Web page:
Economic Uncertainty in Davos

Maria Bartiromo gauges reactions across the business spectrum after fears of a U.S. recession set off a wave of selling
(From left) Chip East/Reuters (Glen Hutchins); Richard Morgestein (Russell Read); General Mills via Bloomberg News (Ken Powell); Jamie Rector/Bloomberg News (Chris Ailman); Bryan Smith/Bloomberg News (Robert Diamond) photo-illustration by Sean McCabe

As the snow flew in Davos, the fur was flying on exchanges all around the globe. Fears of a U.S. recession set off a wave of selling that sent the Dow below 12,000, although by press time on Jan. 23 global markets were settling down and recouping losses. To gauge reactions across the business spectrum, I talked with the managers of two massive pension funds in the U.S., Christopher J. Ailman of CalSTRS and Russell Read of CalPERS; General Mills (GIS) CEO Kendall J. Powell; Barclays (BCS) President Robert E. Diamond Jr.; and Glenn Hutchins, co-CEO of private equity firm Silver Lake. Everyone but Ailman and Read were at the World Economic Forum, where the luminaries ranged from Secretary of State Condoleezza Rice to News Corp. Chairman Rupert Murdoch. But most eyes were glued to the news happening far from the frosty Swiss Alps.


What's your reaction to the Fed's rate cut?

CHRIS AILMAN, CalSTRSWe think it's finally a sign that the Fed is going to stop worrying about inflation and start focusing on the economy. Since we're a long-term investor and we've been underweight in U.S. stocks, we think this is a buying opportunity. One concern is that no one can tell us what really started this in Asia other than Asia's concern over the U.S. Yet then [the U.S.] reacts to Asia. Are we a dog chasing our tail? This all raises the stakes for a U.S. and global recession. It would be nice to see non-U.S. stocks react to their home economy rather than America's.


How would you characterize the current business environment?


Well, we are the ultimate noncyclical business. For the first half of the year, sales are ahead of expectations.

What about inflation?Three years ago we started telling people we would be in a period of higher inflation. So we have tried to absorb the costs and innovate. We are expecting 4% to 5% inflation, and that's what we have prepared the company for.

What about pressure on the food business from the increased use of ethanol from corn?No doubt, in the short term diverting some corn for ethanol is inflationary. But we can get as much corn as we need. What is really pushing inflation is demand.


Did the Fed make the right move in cutting rates?

RUSSELL READ, CalPERSMy view is that the cut is appropriate and reflective of real concern about an economic slowdown. The Fed is clearly balancing slowdown conditions with inflation concerns at a particularly tricky time. Namely, significant weakness in the dollar has accentuated inflation in commodities and imports. My sense is the Fed obviously views a slowdown as the greater concern at this moment, but its ability and willingness to engineer further cuts will depend upon what it views as the greater concern, slowdown or inflation, as the year unfolds.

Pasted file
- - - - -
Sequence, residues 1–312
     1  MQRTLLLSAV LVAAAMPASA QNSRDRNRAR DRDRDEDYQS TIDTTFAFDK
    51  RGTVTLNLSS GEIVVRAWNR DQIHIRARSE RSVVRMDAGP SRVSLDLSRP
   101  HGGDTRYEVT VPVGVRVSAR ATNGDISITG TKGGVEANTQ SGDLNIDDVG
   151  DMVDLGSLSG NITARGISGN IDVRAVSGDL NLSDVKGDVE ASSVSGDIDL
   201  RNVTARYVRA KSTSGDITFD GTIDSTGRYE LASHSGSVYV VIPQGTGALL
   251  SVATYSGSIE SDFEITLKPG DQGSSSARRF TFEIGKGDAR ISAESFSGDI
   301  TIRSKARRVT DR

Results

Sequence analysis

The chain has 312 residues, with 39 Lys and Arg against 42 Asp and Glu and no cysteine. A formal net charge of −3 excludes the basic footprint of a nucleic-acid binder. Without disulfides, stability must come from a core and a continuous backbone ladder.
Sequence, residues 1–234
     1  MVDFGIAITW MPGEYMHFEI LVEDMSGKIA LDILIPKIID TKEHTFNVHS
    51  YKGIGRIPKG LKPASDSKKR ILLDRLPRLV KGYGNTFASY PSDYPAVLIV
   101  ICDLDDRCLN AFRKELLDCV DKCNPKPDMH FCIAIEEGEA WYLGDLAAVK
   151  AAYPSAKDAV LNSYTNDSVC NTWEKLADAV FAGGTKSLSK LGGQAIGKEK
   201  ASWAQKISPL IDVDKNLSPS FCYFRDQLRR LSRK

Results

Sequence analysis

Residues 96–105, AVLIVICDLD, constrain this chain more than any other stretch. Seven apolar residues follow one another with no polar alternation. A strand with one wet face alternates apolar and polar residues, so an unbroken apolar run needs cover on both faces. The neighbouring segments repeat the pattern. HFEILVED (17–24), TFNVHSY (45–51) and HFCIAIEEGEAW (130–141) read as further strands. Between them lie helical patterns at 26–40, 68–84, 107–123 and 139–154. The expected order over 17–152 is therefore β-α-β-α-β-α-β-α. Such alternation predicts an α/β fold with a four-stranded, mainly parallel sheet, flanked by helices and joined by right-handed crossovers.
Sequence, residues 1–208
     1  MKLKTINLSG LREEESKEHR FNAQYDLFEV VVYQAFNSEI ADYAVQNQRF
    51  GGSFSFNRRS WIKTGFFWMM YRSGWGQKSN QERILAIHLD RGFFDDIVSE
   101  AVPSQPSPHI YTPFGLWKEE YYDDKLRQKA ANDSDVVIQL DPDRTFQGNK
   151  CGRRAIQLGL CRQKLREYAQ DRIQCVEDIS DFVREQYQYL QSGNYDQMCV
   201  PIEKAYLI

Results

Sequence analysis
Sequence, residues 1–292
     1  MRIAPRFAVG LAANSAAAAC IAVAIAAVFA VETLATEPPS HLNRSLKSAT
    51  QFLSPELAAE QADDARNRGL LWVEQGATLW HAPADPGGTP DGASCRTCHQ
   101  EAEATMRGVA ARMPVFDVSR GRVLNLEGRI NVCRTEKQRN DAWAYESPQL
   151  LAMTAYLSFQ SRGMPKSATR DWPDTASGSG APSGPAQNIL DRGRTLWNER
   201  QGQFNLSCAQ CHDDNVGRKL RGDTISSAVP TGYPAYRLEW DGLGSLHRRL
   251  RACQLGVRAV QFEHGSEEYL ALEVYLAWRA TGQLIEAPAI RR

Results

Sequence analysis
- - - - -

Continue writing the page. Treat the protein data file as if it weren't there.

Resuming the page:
What do you see in the year ahead?


We will have a tough 2008, and it is largely a liquidity issue, not so much a credit issue. As far as the global slowdown, I do not believe in this decoupling idea—that the U.S. can have a sharp slowdown and the rest of the world will not. We haven't seen a real change in Asia yet, but in Europe we are starting to see the effects.

What can you do to offset a difficult 2008?That is the key question: How do you deal with the tough market conditions we anticipate. We are not going to stop investing throughout this period in commodities, in equities, and in global markets like Asia.

Are you looking for more money from abroad?Our balance sheet is strong. We completed injections of capital from Temasek Holdings [the Singapore sovereign-wealth fund] and from China.


What's your read on the financial environment?


A lot of uncertainty is radiating from financial services, beginning in New York and London. But outside of housing, the economy seems pretty good. In the tech community, everyone had a terrific 2007. Most people are giving cautious guidance because of the uncertainty they are hearing. Growth expectations, like liquidity, are a psychological issue, not a technical issue. We can talk ourselves into a credit crunch and a slowdown. But we are still seeing a fair amount of deals. There are distressed assets out there, and we will use less leverage and more equity in our transactions.

Doesn't it concern you when we see the Dow open 400 points down?It's hard to go through turbulent times that generate negative sentiment. But it's healthy to flush excesses out of our system. Japan took a long time to flush the negatives out, and it stagnated for a decade. When we have a disruption, we get back to growth pretty quickly. This is unlike any Davos I've been to. There's a minute-to-minute focus on the markets, whereas in the past we were able to step back.

What's the next Google (GOOG)?It's wireless content. I have my Bloomberg on my BlackBerry. It's fantastic. And that's what people will want. Capability and content will be very significant. Wireless and mobility have a chance to be bigger than the PC.

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